A Musician Who Performs With a Scalpel
By DAVID DOBBS
Published: May 20, 2008
For Claudius Conrad, a 30-year-old surgeon who has played the piano seriously since he was 5, music and medicine are entwined — from the academic realm down to the level of the fine-fingered dexterity required at the piano bench and the operating table.
“If I don’t play for a couple of days,” said Dr. Conrad, a third-year surgical resident at Harvard Medical School who also holds doctorates in stem cell biology and music philosophy, “I cannot feel things as well in surgery. My hands are not as tender with the tissue. They are not as sensitive to the feedback that the tissue gives you.”
Like many surgeons, Dr. Conrad says he works better when he listens to music. And he cites studies, including some of his own, showing that music is helpful to patients as well — bringing relaxation and reducing blood pressure, heart rate, stress hormones, pain and the need for pain medication.
But to the extent that music heals, how does it heal? The physiological pathways responsible have remained obscure, and the search for an underlying mechanism has moved slowly.
Now Dr. Conrad is trying to change that. He recently published a provocative paper suggesting that music may exert healing and sedative effects partly through a paradoxical stimulation of a growth hormone generally associated with stress rather than healing.
This jump in growth hormone, said Dr. John Morley, an endocrinologist at St. Louis University Medical Center who was not involved with the study, “is not what you’d expect, and it’s not precisely clear what it means.”
But he said it raised “some wonderful new possibilities about the physiology of healing,” and added: “And of course it has a nice sort of metaphorical ring. We used to talk about the neuroendocrine system being a sort of neuronal orchestra conductor directing the immune system. Here we have music stimulating this conductor to get the healing process started.”
Born in Munich, Dr. Conrad took up the piano when he was 5 and trained in elite music schools in Munich, Augsburg and Salzburg, Austria. After high school he served his obligatory military service as a sniper in the German Army’s mountain corps, where his commander found every opportunity to fly him out of the Alps for some piano time.
After his service he decided to pursue medicine while continuing to study music. He earned a bachelor’s degree at the University of Munich and then, more or less simultaneously, two doctorates and a medical degree.
Dr. Conrad’s music dissertation examined why and how Mozart’s music seemed to ease the pain of intensive-care patients. He concentrated not on physiological mechanisms but on mechanisms within Mozart’s music.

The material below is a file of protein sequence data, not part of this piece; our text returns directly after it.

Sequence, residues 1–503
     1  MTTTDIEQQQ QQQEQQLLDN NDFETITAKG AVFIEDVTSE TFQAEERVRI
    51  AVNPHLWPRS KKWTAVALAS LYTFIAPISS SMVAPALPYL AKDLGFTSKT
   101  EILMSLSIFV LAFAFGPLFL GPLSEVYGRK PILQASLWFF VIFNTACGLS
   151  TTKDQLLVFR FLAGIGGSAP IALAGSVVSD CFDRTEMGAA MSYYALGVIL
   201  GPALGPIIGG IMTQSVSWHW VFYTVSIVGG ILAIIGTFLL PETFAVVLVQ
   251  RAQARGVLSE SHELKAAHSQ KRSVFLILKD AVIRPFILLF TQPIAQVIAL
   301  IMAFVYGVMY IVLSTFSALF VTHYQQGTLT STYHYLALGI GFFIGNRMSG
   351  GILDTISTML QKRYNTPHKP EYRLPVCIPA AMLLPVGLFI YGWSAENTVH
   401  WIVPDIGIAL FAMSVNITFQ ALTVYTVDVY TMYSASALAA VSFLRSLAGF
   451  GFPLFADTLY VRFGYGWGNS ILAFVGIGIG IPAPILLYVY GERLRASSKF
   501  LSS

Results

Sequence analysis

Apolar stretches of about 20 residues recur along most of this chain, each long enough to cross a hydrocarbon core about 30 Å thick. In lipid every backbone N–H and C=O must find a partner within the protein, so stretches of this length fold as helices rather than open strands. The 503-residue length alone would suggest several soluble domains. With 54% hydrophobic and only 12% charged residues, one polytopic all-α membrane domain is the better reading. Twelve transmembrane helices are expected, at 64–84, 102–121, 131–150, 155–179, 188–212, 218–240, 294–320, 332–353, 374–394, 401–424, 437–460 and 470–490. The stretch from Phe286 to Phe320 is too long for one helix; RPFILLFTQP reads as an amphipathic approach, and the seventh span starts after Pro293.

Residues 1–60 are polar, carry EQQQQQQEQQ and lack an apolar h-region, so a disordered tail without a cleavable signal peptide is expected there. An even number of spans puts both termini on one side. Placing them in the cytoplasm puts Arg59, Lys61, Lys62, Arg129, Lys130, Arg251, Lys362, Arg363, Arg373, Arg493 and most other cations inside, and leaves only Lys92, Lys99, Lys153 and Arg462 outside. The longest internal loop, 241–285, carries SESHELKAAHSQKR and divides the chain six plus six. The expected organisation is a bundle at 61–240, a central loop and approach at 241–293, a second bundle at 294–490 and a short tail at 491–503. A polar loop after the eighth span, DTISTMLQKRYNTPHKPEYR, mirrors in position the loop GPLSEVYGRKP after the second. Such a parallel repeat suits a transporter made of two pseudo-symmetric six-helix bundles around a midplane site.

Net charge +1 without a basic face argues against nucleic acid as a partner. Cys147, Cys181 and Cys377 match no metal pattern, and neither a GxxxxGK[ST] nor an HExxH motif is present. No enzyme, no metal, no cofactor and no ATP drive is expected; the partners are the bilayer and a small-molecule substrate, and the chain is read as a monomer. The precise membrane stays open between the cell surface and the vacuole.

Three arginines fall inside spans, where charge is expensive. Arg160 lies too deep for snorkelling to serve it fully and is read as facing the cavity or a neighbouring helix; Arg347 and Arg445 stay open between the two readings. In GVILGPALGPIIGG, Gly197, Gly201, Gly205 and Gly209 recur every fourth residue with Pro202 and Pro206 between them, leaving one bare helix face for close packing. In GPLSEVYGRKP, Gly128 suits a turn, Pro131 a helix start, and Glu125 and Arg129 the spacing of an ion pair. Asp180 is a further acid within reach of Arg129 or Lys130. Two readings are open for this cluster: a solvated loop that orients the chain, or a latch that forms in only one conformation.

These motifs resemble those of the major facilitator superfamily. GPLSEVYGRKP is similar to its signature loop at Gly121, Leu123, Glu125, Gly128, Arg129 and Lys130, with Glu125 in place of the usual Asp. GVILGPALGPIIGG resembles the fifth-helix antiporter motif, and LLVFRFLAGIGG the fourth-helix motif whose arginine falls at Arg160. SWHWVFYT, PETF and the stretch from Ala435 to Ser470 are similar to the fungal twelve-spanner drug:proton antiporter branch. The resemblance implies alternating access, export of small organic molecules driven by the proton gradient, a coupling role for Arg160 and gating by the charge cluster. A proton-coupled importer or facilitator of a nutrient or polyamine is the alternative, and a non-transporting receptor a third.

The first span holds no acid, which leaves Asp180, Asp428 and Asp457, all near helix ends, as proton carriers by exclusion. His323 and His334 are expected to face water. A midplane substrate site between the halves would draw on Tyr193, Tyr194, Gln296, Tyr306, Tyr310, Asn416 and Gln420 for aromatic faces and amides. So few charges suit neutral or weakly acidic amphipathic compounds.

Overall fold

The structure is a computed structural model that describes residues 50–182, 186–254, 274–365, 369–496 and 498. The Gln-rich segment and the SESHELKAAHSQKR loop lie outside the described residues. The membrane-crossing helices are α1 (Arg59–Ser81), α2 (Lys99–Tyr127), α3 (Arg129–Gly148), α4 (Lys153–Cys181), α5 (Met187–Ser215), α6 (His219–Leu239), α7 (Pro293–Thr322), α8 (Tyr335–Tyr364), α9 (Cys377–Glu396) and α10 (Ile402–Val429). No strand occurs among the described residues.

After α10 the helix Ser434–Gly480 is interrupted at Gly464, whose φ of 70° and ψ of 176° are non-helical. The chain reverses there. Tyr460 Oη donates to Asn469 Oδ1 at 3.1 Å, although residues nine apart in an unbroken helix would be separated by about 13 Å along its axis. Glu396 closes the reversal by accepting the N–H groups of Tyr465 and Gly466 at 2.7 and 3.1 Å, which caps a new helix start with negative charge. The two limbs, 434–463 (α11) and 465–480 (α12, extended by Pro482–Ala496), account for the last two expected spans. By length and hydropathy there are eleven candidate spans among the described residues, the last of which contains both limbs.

“It is still a controversial idea,” he said recently, “whether Mozart has more of this sort of effect than other composers. But as a musician I wanted to look at how it might.”
Dr. Conrad noted that Mozart used distinctive phrases that are fairly short, often only four or even two measures long, and then repeated these phrases to build larger sections. Yet he changed these figures often in ways the listener may not notice — a change in left-hand arpeggios or chord structures, for instance, that slips by unremarked while the ear attends the right hand’s melody, which itself may be slightly embellished.
These intricate variations are absorbed as part of a melodic accessibility so well organized that even a sonata for two pianos never feels crowded in the ear, even when it grows dense on the page. The melody lulls and delights while the underlying complexity stimulates.
But even if this explains the music’s power to stimulate and relax, “an obvious question that comes up,” Dr. Conrad said, “is why Mozart would write music that is so soothing.”
Mozart’s letters and biographies, Dr. Conrad said, portray a man almost constantly sick, constantly fending off one infection or ailment after another.
“Whether he did it intentionally or not,” Dr. Conrad said, “I think he composed music the way he did partly because it made him feel better.”
Recently, Dr. Conrad has focused on specific mechanisms that may help explain music’s effects on the body.
In a paper published last December in the journal Critical Care Medicine, he and colleagues revealed an unexpected element in distressed patients’ physiological response to music: a jump in pituitary growth hormone, which is known to be crucial in healing. “It’s a sort of quickening,” he said, “that produces a calming effect.” Accelerando produces tranquillo.